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|Title:||Two essays on formal institutions and debt finance||Authors:||Li, Mengyuan||Degree:||Ph.D.||Issue Date:||2016||Abstract:||After the seminal work of La Porta et al. (1997), a large number of studies have focused on the association between law and finance. My thesis consists of two essays on formal institution and corporate finance. The first essay investigates how the establishment of competition laws affects cost of debt worldwide. The second essay examines how electoral system in a country influences leverage and debt maturity of firms in that country. Many studies on the linkage between product market competition and corporate finance concentrate on how competition influences firms' cash flows (Peress, 2010), stock returns (Gaspar and Massa, 2006), corporate governance (Giroud and Mueller, 2011), and capital structure (Brander and Lewis, 1986, 1988; Bolton and Scharfstein, 1990; Lee, 2011; Rathinasamy et al., 2000). However, less is known on the relation between product market competition and cost of debt. Valta (2012) finds that the cost of debt of firms in the United States is particularly high for firms in competitive industries. It is because firms in a more competitive market have higher bankruptcy risk. In the first essay, I investigate the effect of product market competition on firms' cost of debt worldwide. Competition can increase bankruptcy risk, lower agency cost, and enhance asset liquidity (Merton, 1974; Myers, 1977; Chen, 1978) and these factors influence firms' cost of debt. In particular, the first essay looks at how competition laws that regulate the level of competition may affect cost of debt. In this essay, I compare firms' cost of debt before and after competition law establishment on the country level and conduct analyses on firm-year and country-year observations in 33 countries during the period of 1988 to 2012. The evidences suggest that cost of debt reduced significantly after a country establishing competition laws. Furthermore, the results also show that firms' cost of debt is significantly higher in countries with stricter competition laws.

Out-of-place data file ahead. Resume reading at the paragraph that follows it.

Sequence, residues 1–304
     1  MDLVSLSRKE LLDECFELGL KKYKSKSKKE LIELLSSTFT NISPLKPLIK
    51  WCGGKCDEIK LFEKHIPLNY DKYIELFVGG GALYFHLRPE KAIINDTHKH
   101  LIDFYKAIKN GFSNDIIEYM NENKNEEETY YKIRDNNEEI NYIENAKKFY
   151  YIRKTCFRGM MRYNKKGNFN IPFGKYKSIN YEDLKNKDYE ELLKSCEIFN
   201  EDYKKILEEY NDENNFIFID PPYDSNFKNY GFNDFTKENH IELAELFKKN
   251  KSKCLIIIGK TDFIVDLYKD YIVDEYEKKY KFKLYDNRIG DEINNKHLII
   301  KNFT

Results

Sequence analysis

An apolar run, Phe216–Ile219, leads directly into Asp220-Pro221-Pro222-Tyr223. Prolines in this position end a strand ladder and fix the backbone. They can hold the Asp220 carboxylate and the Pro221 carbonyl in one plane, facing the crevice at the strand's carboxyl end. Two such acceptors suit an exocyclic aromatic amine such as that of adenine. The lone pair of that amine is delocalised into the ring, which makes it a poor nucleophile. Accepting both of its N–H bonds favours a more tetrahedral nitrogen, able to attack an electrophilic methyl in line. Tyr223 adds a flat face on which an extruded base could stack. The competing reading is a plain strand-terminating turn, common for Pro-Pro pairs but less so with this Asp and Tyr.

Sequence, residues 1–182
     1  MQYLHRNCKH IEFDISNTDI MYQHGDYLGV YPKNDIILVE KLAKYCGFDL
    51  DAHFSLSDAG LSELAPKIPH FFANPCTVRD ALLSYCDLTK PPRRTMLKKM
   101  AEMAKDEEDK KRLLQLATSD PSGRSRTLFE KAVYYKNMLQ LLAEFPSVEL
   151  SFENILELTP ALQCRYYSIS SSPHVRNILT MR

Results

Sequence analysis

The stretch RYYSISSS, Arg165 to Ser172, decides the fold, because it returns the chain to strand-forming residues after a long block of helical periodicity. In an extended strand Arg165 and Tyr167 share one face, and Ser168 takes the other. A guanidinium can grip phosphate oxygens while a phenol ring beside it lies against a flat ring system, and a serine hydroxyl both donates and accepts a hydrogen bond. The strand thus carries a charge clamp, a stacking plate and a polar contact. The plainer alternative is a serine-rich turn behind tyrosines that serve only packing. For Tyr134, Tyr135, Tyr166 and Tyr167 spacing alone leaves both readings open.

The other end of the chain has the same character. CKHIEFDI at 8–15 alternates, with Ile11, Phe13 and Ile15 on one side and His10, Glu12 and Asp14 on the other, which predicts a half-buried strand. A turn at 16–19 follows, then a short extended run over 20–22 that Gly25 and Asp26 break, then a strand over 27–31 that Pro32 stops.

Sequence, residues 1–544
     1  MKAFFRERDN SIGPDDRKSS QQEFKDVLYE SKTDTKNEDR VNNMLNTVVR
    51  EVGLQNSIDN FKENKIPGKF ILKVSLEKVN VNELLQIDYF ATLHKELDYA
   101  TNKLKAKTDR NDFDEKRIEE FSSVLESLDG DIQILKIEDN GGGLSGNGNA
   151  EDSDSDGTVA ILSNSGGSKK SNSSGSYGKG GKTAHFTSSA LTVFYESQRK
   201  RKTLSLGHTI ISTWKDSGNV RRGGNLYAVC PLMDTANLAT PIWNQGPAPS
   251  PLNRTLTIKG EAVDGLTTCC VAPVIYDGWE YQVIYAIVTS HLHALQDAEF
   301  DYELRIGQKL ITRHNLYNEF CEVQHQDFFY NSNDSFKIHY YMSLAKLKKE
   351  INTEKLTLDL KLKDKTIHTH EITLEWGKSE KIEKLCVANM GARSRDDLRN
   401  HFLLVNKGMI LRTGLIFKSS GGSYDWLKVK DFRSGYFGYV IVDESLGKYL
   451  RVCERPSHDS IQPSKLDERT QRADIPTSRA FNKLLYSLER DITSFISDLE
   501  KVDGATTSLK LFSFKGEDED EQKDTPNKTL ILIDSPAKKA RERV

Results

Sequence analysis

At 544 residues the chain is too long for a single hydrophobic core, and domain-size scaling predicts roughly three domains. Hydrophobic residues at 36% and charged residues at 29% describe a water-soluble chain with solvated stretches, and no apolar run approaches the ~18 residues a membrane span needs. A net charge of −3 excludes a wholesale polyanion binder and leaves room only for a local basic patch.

The second essay is on institution and capital structure. Previous studies have examined how various institutional factors (e.g., Index of legal efficiency, Integrity of the legal environment and Corruption perception index) affect capital structure (e.g., Demirguc-Kunt and Maksimovic, 1999; Fan et al., 2011). The second essay focuses on how a country's electoral system may influence firms' capital structure choices. Pagano and Volpin (2005) show that employment protection is stronger in proportional electoral systems than majoritarian electoral system, while investor protection is weaker in proportional electoral systems than majoritarian electoral system. In a proportional electoral system, managers and controlling shareholders tend to issue more debt to protect their interests from employees' requirement of higher compensations. On the other hand, investors in a proportional electoral system are less protected in the stock market so they participate more in the debt market. Furthermore, entrepreneurs in proportional electoral systems are more political powerful and hence can easier to borrow debt with longer maturities. Empirical tests are conducted using firm-year data from 1994 to 2009 in 34 countries. I find that firms issue more debt and more long-term debt in countries with proportional electoral system than those with majoritarian electoral system. In summary, electoral system is an important determinant of firms' capital structure across country.
Corporations -- Finance
Hong Kong Polytechnic University -- Dissertations
|Pages:||ix, 156 pages : color illustrations|
|Appears in Collections:||Thesis|
View full-text via https://theses.lib.polyu.edu.hk/handle/200/8542
Citations as of May 28, 2023
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